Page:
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Posted By Lynn Bemiller, M.D. on August 8, 2013

Labels: Disaster and Health Crisis Missions , Global Health Expertise, Volunteers

Lynn Bemiller, M.D., is a hematologist-oncologist from San Diego, who is serving as the HOPE Medical Director on Pacific Partnership 2013, a humanitarian mission to several island nations in the South Pacific.  PP13 is Dr. Bemiller’s sixth volunteer mission with Project HOPE.

In 2010, 73% of all deaths in the Marshall Islands were due to non-communicable diseases.  The World Health Organization estimates that 79% of Marshallese adults are overweight, 33% have high blood pressure, 52% are physically inactive and 27% have elevated blood glucose.  These statistics illustrate why this year’s Pacific Partnership activities have specifically targeted health promotion and chronic disease care and prevention.

During a recent three-day visit to RMIs most populous island, Ebeye, Project HOPE volunteer nurses Amy Rejent, Danielle Walker, Rose Wilson, Dan Dlugose, and social worker Suzanne Hansen joined US military personnel and representatives from the United States Center for Disease Control to help raise health awareness among the island’s residents.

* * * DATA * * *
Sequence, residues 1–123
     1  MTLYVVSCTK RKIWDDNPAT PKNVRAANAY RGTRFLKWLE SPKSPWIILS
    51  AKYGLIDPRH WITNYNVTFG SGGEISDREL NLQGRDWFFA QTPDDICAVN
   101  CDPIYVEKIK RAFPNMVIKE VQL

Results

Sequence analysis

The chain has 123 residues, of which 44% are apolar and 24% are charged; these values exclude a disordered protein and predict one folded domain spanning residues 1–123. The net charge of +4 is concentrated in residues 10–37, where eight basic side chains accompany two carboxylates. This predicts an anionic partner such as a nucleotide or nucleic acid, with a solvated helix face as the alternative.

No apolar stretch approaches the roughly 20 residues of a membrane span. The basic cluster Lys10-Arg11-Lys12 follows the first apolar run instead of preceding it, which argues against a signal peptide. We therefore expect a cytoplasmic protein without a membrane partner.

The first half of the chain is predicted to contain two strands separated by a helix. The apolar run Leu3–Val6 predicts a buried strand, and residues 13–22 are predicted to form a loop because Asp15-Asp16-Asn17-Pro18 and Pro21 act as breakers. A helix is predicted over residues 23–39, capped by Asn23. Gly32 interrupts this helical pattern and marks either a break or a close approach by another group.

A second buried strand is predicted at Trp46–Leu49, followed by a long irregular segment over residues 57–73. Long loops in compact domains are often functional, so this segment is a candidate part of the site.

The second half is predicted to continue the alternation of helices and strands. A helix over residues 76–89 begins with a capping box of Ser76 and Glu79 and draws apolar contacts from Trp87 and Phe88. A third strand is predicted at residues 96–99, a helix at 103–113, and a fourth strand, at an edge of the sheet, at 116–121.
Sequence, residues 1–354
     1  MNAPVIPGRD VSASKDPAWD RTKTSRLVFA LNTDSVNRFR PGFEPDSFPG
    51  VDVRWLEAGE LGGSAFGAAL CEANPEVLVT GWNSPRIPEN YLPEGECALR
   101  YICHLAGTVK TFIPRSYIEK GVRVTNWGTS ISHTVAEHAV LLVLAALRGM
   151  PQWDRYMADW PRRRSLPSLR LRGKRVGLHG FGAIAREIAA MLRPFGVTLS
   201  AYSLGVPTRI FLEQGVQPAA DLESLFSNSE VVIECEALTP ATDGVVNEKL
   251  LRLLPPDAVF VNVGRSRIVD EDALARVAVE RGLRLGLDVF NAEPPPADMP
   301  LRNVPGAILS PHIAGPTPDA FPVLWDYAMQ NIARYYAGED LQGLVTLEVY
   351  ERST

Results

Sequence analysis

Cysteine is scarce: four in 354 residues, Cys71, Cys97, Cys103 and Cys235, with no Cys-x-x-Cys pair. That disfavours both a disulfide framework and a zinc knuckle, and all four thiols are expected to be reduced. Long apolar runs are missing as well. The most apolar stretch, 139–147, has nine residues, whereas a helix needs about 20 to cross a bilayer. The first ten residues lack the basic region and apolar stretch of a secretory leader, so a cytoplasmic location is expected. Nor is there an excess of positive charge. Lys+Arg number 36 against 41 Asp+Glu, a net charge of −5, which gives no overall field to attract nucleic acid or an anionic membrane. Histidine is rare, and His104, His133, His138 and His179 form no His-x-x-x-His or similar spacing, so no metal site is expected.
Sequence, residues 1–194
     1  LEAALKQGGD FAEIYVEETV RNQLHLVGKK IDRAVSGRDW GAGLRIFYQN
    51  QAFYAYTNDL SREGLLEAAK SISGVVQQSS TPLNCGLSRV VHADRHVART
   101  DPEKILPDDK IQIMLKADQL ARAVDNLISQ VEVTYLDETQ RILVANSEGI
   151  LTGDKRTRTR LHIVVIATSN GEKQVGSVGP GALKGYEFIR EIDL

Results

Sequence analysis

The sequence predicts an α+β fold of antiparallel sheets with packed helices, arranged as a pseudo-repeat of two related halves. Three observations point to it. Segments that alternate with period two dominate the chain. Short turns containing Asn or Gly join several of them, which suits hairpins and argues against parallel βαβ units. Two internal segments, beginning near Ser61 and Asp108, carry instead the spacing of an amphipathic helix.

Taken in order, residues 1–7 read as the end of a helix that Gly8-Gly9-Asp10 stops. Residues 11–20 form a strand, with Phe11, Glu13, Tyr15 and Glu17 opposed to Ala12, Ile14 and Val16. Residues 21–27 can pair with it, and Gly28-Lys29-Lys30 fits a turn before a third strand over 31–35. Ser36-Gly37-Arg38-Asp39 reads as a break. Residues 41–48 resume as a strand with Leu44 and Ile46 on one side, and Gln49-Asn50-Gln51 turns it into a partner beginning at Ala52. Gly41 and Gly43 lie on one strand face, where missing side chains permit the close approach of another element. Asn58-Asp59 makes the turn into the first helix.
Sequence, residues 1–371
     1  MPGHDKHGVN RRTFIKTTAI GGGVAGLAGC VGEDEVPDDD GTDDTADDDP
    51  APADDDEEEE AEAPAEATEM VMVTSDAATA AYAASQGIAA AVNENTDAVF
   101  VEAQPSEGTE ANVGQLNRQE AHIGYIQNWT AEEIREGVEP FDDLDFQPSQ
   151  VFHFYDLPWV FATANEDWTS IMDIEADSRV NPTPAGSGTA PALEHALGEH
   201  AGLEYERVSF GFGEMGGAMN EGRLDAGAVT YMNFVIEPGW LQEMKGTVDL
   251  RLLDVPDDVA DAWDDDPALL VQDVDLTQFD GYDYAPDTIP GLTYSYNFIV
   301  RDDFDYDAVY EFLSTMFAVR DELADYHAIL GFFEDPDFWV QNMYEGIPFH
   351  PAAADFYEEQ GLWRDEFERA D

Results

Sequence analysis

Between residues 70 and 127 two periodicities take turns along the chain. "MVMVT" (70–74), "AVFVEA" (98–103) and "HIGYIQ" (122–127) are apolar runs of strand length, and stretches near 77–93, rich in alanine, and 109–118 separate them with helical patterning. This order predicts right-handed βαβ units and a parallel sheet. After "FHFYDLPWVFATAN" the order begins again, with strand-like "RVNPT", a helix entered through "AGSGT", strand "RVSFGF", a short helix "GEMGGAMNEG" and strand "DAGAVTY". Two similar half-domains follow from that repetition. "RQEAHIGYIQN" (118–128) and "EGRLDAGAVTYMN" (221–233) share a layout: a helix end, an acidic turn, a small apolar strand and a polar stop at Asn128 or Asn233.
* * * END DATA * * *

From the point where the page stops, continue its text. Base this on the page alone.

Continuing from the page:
While participants waited to enter the screening area, they listened to a series of health discussions led by PP ‘13 participants.  Suzanne discussed the importance of physical activity in a healthy lifestyle.  I discussed the high rate of HPV-related cervical cancer in Oceania, and what to do for screening and prevention.  Other speakers discussed various aspects of diabetes care.

When participants entered the fair, they were greeted first by Amy and Danielle , who taught their Marshallese participants that proper hand-washing can help alleviate the spread of illness, and dispensed waterless hand sanitizer.

Nutritionists and a volunteer chef taught the importance of healthy eating, and discussed how readily available local foods can be used as a basis for nutritious meals.

Across the room, Dan Dlugose calculated participants’ Body Mass Index, and discussed how each person’s diabetes risk might be affected by her BMI.  In adjacent booths, nurses performed finger-stick blood glucose and hemoglobin A1C measurements to detect possible diabetes.

CDC scientists and clinicians inspected participants’ skin for evidence of leprosy, and referred those with suspicious lesions to the appropriate care programs.  Others performed Mantoux tests to detect tuberculosis.

We are grateful to have had this opportunity to touch the lives of our friends in the Marshall Islands.

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